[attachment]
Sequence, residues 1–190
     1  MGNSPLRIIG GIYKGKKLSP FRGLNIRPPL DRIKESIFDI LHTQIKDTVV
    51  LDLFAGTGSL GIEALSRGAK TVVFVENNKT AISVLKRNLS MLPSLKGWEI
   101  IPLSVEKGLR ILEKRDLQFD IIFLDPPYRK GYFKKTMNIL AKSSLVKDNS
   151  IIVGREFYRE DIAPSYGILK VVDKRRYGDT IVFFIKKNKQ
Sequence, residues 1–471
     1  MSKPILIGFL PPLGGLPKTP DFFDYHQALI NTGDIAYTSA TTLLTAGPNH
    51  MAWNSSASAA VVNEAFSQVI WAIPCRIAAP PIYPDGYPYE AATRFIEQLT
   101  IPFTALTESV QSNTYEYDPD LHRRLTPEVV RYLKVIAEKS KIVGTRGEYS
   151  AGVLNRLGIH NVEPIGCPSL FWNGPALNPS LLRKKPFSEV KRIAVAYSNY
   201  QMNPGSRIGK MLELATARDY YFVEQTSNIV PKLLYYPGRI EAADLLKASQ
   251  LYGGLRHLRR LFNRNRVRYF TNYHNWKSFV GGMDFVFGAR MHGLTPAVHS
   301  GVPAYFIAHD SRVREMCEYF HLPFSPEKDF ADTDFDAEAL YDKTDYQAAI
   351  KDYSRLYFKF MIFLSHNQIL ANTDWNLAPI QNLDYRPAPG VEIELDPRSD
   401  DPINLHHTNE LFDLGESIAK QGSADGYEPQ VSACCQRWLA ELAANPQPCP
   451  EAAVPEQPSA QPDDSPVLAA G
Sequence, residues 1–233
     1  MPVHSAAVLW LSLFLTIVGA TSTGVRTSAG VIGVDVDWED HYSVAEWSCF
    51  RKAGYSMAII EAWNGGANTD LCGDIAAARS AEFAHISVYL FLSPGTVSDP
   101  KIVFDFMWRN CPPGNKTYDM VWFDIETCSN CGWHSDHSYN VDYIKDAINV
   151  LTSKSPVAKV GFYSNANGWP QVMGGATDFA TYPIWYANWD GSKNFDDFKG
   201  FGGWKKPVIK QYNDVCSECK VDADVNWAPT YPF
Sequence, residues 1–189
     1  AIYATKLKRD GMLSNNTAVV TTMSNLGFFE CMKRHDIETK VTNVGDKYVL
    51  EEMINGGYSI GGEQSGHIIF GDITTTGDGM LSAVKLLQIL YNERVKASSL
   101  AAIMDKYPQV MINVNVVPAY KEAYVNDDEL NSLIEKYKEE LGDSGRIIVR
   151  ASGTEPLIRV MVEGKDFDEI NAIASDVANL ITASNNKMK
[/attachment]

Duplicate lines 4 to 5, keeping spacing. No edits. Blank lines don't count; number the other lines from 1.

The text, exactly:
   101  IPLSVEKGLR ILEKRDLQFD IIFLDPPYRK GYFKKTMNIL AKSSLVKDNS
   151  IIVGREFYRE DIAPSYGILK VVDKRRYGDT IVFFIKKNKQ